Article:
The viewset includes numerous rendering modes supported by the application, including shaded mode, ambient occlusion, multi-sample anti aliasing, and transparency.
The Maya workload shows good scaling from the single GPU Radeon Pro duo test to the Vega FE (75%) though the Titan Xp still has a significant advantage over the rest of the field.
Medical Viewset (Medical-01)
The medical-01 viewset is representative of a typical volume rendering application that renders a 2D projection of a 3D volumetric grid. A typical 3D grid in this viewset is a group of 3D slices acquired by a scanner (such as CT or MRI).
At every frame, depending on the viewer position, a series of coplanar slices aligned with the viewing angle are computed on the CPU and then sent to the graphics hardware for texturing and further calculations, such as transfer function lookup, lighting and clipping to reveal internal structures. Finally, the slices are blended together before the image is displayed.
Using the Medical viewset swaps the win back in favor of AMD, with the Radeon Vega FE card providing a 40% advantage over the Titan Xp.
Showcase Viewset (showcase-01)
The showcase-01 viewset was created from traces of Autodesk’s Showcase 2013 application. The model used in the viewset consists of 8 million vertices.
The viewset is the first viewset in SPECviewperf to feature DX rendering. Rendering modes included in the viewset include shading, projected shadows, and self-shadows.
The Showcase viewset utilizes DX11 for rendering and the advantages that the GeForce products offer here stand out. The Titan Xp is 47% faster than the Vega FE.
Siemens NX (snx-02)
The snx-02 viewset was created from traces of the graphics workload generated by the NX 8.0 application from Siemens PLM. Model sizes range from 7.15 to 8.45 million vertices.
The scores for the Radeon Pro Duo and the Titan Xp, in contrast with the scores from the Quadro and Vega cards, indicate there is a significant software difference between these driver configurations. The Vega Frontier Edition does impressively well, coming within 30% of the Quadro P5000.
Solidworks viewset (sw-03)
The sw-03 viewset was created from traces of Dassault Systemes’ SolidWorks 2013 SP1 application. Models used in the viewset range in size from 2.1 to 21 million vertices.
The viewset includes numerous rendering modes supported by the application, including shaded mode, shaded with edges, ambient occlusion, shaders, and environment maps.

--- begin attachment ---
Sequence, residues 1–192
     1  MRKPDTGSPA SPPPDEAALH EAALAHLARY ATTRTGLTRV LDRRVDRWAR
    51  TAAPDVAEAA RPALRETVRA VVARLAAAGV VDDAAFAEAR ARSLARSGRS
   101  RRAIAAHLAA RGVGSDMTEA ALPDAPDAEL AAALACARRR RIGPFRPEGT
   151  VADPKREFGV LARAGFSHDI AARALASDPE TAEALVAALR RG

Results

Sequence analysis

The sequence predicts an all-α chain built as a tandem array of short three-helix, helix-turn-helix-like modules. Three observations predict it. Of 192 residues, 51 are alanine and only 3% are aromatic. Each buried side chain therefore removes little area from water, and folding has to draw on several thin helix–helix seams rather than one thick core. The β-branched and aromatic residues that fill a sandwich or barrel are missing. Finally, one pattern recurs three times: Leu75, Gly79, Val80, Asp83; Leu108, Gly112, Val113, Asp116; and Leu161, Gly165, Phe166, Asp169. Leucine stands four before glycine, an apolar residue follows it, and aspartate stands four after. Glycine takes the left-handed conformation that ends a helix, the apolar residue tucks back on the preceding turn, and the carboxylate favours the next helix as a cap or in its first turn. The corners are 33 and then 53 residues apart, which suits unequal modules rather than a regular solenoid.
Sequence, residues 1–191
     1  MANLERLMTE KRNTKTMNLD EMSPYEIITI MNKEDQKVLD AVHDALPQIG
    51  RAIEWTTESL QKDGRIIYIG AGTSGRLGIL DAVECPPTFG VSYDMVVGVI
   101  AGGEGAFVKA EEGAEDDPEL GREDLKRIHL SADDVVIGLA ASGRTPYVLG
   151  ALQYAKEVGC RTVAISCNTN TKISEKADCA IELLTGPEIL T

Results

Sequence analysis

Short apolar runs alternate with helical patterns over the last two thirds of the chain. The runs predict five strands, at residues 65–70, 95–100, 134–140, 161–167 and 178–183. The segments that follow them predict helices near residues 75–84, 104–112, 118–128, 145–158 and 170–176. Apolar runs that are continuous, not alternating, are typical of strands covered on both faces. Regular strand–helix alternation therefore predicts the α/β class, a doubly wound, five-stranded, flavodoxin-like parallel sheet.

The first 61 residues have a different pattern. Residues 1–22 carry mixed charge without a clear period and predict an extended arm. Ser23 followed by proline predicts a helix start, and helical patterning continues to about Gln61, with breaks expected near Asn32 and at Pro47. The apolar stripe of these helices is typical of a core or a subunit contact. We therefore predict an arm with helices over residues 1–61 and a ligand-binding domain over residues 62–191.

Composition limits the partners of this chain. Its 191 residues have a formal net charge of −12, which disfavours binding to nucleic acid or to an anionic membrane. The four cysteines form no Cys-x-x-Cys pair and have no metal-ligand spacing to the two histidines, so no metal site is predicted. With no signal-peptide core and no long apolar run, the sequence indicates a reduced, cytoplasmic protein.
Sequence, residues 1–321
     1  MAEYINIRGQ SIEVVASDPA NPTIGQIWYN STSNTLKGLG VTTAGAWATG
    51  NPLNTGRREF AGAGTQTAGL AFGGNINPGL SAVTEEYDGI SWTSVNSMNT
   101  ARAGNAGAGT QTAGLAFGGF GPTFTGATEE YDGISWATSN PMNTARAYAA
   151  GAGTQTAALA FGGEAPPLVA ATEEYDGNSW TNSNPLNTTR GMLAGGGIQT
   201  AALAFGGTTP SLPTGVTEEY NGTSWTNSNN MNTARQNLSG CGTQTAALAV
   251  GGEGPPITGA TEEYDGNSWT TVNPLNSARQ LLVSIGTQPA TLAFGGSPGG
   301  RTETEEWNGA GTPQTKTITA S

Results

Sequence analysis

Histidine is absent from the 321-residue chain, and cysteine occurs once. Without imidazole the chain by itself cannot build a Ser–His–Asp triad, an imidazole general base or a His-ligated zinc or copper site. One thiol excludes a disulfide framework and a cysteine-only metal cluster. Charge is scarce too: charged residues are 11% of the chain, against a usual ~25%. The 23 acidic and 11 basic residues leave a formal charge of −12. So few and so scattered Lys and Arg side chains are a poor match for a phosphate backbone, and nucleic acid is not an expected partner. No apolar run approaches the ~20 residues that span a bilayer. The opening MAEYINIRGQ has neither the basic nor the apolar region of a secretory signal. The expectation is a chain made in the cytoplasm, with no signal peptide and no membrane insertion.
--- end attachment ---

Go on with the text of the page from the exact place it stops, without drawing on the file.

Finally, the Solidworks viewset has the Radeon Vega FE well ahead of the Titan Xp (73%) but falling shore of all three of the Quadro family of products.
GPGPU compute performance is a big part of any modern GPU design, especially in the workstation environment. LuxMark is a long-standing OpenCL benchmark, based on the LuxRender engine and provides a good look at how different GPU architectures compare in typical OpenCL workloads. Today we are testing our field of graphics cards in the most compute intensive scene, Hotel.
With a score of 4690, the Radeon Vega Frontier Edition performs 41% faster than the Quadro P5000 (GTX 1080 equivalent) and than the Radeon Pro Duo running on a single GPU (essentially a Fury X). That’s a big shift from the gaming results we just went through on the preceding pages. NVIDIA’s Titan Xp though was able to bring a score of 5800, giving it a 23% advantage over AMD’s middle-level pro-sumer graphics offering.
Cinebench R15 OpenGL
The performance depends on various factors, such as the GPU processor on your hardware, on the drivers used. The graphics card has to display a huge amount of geometry (nearly 1 million polygons) and textures, as well as a variety of effects, such as environments, bump maps, transparency, lighting and more to evaluate the performance across different disciplines and give a good average overview of the capabilities of your graphics hardware. The result is measured in frames per second (fps). The higher the number, the faster your graphics card is.
We quickly tossed in CineBench R15 as an OpenGL rending test and the Radeon Vega Frontier Edition does very well, scoring 151.85 FPS compared to the Titan Xp at 144.19 FPS.
We do plan to run a more extensive set of professional application tests as time permits. For this review, we focused most of our available time on the gaming angle of this architecture.